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ANTIQUE FURNITURE RESTORATION DISCUSSION BOARD

Re: antique waterfall desk

Posted By: James Schooley <jschooleyfamily@earthlink.net> (0-1pool247-55.nas2.sioux-city1.ia.us.da.qwest.net)
Date: 8/22/3 00:53

In Response To: antique waterfall desk (Bonnie K.)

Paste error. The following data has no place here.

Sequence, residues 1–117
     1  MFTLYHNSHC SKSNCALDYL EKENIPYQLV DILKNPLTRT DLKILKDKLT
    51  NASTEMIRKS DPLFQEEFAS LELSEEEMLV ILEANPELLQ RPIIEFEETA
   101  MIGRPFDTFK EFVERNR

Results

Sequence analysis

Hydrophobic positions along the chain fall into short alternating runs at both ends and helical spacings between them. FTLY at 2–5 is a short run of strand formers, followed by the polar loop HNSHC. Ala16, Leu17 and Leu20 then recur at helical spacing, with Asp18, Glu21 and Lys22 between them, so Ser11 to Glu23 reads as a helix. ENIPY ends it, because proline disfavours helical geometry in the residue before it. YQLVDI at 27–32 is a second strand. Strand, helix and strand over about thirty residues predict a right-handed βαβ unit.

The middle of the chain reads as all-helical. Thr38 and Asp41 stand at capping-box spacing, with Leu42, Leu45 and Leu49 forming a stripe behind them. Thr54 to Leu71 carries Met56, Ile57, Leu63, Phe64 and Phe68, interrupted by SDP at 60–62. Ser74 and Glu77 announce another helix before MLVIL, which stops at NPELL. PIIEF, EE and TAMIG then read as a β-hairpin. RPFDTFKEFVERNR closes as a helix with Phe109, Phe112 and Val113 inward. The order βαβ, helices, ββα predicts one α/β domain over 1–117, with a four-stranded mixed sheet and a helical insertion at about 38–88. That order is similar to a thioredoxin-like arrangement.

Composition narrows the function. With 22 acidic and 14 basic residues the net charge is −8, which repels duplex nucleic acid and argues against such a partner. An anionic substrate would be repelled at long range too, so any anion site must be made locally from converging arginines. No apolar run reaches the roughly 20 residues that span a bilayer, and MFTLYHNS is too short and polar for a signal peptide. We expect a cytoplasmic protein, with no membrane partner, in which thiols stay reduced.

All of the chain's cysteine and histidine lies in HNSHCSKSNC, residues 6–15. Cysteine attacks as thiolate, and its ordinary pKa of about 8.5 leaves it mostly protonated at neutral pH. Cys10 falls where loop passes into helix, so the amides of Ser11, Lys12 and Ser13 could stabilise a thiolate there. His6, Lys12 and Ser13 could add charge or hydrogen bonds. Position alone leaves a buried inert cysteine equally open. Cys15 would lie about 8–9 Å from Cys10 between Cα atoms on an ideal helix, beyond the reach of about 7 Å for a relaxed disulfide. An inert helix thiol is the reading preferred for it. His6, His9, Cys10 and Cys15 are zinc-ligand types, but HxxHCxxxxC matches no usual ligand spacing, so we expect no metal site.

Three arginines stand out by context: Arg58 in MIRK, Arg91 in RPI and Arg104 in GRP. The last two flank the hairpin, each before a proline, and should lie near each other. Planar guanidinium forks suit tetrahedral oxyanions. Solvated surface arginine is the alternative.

The veneer is a skill that requires a delicate touch and just the right piece of veneer. Find an old piece that isn't going to get fixed and remove some of the veneer that you feel comes close to the desk you are going to repair. Make a template from a masonite scrap and cut a 'V' in the edge. Lay the V over the missing spot so you can see that when cutting inside this shape, you will have removed all the raged hole leaving a triangle void in the veneer. Do the same to the repair material, looking for good semilariety of color and grain. Once again, using a very sharp utility knife cut the veneer along the V opening, make this larger than needed to fill the space. Start checking and lightly sanding the repair piece till it fits exactly. Extra legnth can be removed after glue has dried. If the patch is proud scrape the back with a sharp edged scrap of glass to remove the excess wood, if too thin add paper between layers of glue, tape the 3 sides of the glass to avoid cuting your fingers. Use Hide glue or Liquid Hide Glue (from HDW. store) on patch and loose veneer, tape with easy stick masking tape to avoid shifting, hold tight with clamps or sand bags till set. Clean excess with wet rag or white vinegar. Clean with mild soap and dry emmediatly, Murphy's is too harsh for old furniture. I use paint thinner and steel wool when water is too dangerous to finish and glue.

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